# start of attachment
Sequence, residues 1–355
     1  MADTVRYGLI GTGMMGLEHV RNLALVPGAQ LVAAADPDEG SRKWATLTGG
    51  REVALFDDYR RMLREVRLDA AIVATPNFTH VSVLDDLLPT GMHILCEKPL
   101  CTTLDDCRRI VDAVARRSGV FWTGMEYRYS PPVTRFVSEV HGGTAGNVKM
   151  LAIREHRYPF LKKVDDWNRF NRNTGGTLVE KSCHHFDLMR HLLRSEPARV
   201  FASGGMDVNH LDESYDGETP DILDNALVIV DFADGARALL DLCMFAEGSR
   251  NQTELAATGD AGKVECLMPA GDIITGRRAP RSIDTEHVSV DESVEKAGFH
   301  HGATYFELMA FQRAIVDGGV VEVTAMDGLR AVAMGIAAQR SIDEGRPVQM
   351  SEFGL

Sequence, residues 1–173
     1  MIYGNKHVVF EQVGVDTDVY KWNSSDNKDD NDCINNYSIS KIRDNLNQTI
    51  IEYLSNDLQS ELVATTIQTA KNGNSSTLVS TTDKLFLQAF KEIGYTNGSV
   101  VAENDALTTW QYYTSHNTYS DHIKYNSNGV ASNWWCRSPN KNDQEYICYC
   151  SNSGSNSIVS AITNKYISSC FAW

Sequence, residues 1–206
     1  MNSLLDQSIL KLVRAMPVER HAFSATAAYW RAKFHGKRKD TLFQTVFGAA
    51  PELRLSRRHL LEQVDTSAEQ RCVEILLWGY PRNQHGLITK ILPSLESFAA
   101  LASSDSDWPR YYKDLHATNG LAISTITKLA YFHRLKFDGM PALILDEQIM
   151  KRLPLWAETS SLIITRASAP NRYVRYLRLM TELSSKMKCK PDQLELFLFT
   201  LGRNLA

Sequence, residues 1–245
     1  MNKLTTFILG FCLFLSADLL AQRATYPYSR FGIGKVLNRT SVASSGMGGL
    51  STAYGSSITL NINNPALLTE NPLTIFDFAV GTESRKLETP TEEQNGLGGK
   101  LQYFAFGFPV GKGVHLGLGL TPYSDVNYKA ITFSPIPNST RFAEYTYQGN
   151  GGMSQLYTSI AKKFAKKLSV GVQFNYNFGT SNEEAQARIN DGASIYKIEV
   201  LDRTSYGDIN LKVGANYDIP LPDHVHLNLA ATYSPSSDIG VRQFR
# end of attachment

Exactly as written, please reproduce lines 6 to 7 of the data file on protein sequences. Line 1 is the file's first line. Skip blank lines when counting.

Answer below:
   201  FASGGMDVNH LDESYDGETP DILDNALVIV DFADGARALL DLCMFAEGSR
   251  NQTELAATGD AGKVECLMPA GDIITGRRAP RSIDTEHVSV DESVEKAGFH